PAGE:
I really enjoyed the themes of In Bitter Chill. It is a poignant story about secrets in families and how they can be passed on from one person to another – and one generation to another – and somehow be accepted as the ‘truth’. It reminded me of social crypto-amnesia in social psychology in which people forget who told them what but are nevertheless influenced. What then happens is that people live their lives around the version of the truth they’ve been told. Of course, when they learn that what they’ve believed is false, the architecture of their life is shaken.

The events in the plot invite the reader to consider whether there are different types of secrets and whether it matters. For example, does it make a difference what the motivation is for keeping the secret? The context? Or are all secrets wrong? This is such a fascinating topic as most families have secrets, as do many couples and individuals. Are secrets, then, part of being human?

With the suicide of Sophie’s mother the reader is invited to consider what it might take to push a person to take their life and this is about what happens when secrets are discovered, regardless of whether they are true or not; it’s about the shock of learning something previously not known and of reconciling it. To me, then, In Bitter Chill is an unsettling examination of why people keep secrets, how the secret affects others, what people do to keep them buried, and what happens when they come out.

In Bitter Chill is also about the ways that people cope with tragedy and loss. It is no coincidence that Rachel has become a genealogist, earning her living helping people to trace their ancestors and draw their family trees. As the novel progresses the reader learns about Rachel’s life and family dynamics. The congruence between past and present made me wonder if Rachel’s unconscious mind was at work, piecing together the jigsaw of her life.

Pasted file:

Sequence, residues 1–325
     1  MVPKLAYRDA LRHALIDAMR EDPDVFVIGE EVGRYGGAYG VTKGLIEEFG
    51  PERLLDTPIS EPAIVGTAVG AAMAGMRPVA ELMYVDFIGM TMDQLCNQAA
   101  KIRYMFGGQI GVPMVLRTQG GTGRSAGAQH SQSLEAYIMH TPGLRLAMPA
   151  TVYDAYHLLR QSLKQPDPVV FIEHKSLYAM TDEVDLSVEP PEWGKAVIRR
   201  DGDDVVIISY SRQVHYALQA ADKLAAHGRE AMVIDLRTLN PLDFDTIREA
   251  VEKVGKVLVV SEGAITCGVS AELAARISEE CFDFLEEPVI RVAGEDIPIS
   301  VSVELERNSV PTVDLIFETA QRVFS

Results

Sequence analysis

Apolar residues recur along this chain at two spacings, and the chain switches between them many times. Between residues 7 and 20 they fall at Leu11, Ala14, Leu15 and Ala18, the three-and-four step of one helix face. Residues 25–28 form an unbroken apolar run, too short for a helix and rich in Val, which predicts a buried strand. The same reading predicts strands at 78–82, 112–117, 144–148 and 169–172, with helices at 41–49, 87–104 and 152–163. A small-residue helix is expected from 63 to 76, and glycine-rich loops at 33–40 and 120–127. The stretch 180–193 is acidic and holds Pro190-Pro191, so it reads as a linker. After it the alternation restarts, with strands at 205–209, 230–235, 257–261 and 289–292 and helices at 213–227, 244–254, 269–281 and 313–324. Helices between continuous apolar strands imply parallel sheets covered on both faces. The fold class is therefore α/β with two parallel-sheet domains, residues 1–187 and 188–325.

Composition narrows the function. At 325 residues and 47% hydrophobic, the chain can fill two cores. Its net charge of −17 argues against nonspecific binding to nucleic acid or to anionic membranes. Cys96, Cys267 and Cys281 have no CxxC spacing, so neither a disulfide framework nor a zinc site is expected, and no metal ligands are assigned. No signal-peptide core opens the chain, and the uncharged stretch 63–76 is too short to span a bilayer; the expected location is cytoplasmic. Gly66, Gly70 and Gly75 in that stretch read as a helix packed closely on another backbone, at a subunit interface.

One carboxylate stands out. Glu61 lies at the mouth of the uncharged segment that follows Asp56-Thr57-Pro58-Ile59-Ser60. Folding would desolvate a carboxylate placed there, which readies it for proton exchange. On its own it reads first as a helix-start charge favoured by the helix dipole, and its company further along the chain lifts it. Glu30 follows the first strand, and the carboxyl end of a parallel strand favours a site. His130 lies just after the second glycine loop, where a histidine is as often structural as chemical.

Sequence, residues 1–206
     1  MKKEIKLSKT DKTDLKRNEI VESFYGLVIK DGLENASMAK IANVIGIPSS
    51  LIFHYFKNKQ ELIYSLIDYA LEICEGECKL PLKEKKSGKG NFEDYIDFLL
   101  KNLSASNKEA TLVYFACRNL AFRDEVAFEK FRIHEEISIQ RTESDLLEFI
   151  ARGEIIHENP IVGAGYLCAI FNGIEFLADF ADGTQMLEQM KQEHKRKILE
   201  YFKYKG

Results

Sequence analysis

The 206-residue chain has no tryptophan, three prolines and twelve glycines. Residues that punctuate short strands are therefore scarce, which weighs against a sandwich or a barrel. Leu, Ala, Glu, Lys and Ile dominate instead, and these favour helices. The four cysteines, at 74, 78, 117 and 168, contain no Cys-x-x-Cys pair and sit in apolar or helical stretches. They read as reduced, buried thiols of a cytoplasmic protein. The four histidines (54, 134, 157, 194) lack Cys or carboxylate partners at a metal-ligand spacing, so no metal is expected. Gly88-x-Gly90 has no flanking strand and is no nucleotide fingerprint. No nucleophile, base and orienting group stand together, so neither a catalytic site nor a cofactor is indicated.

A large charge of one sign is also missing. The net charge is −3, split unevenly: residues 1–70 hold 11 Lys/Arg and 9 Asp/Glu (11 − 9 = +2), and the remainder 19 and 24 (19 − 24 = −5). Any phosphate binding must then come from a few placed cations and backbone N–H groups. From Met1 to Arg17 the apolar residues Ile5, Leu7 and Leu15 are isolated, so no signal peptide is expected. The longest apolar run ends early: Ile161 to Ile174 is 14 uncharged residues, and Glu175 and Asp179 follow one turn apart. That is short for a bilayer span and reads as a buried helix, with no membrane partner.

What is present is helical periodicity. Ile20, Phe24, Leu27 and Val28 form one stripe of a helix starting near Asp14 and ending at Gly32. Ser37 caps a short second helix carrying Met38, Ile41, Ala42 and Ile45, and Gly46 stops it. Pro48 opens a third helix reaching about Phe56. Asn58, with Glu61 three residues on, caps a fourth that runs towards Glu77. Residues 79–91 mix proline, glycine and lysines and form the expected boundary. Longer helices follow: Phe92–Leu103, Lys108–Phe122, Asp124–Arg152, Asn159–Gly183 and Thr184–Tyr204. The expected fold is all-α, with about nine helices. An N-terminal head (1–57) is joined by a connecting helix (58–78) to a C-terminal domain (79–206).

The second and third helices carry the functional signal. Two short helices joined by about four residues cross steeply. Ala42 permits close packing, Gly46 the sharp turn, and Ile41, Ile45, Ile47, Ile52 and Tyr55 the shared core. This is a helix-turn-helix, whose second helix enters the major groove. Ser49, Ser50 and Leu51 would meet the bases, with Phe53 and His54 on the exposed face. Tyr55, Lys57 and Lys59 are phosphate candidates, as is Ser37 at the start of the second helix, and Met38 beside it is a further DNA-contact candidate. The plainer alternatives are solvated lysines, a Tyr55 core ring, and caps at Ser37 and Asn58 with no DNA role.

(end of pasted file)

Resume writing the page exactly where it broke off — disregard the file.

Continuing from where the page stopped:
I particularly enjoyed the novel’s plot and the very psychological themes mentioned above. I had various ideas about what had happened to Rachel and Sophie, and if and how this might link to the present day crimes. The narrative is well-paced and I was compelled to read on to find out what happened. Not wishing to include spoilers, what I can say is that I thought the explanations and motivations worked well and seemed fitting. The author included a number of twists and revelations which kept changing how things seemed.

I liked the Derbyshire setting and the author’s vivid descriptions brought it to life. The setting, together with the part-70s based plot, give the novel an old fashioned charm. As Rachel and the police set about trying to find out what happened, the solution is achieved by leg-work and solid research. It’s very much a British crime novel in my opinion.

Something else which I think worked well is the juxtaposition of the two time frames. The author gives the reader a lens through which to view life, community, relationships and gender in the 1970s and how these things may have changed over the decades.

I look forward to Sarah’s second novel, and to finding out what happens next for her detectives.


Vicky Newham © 2015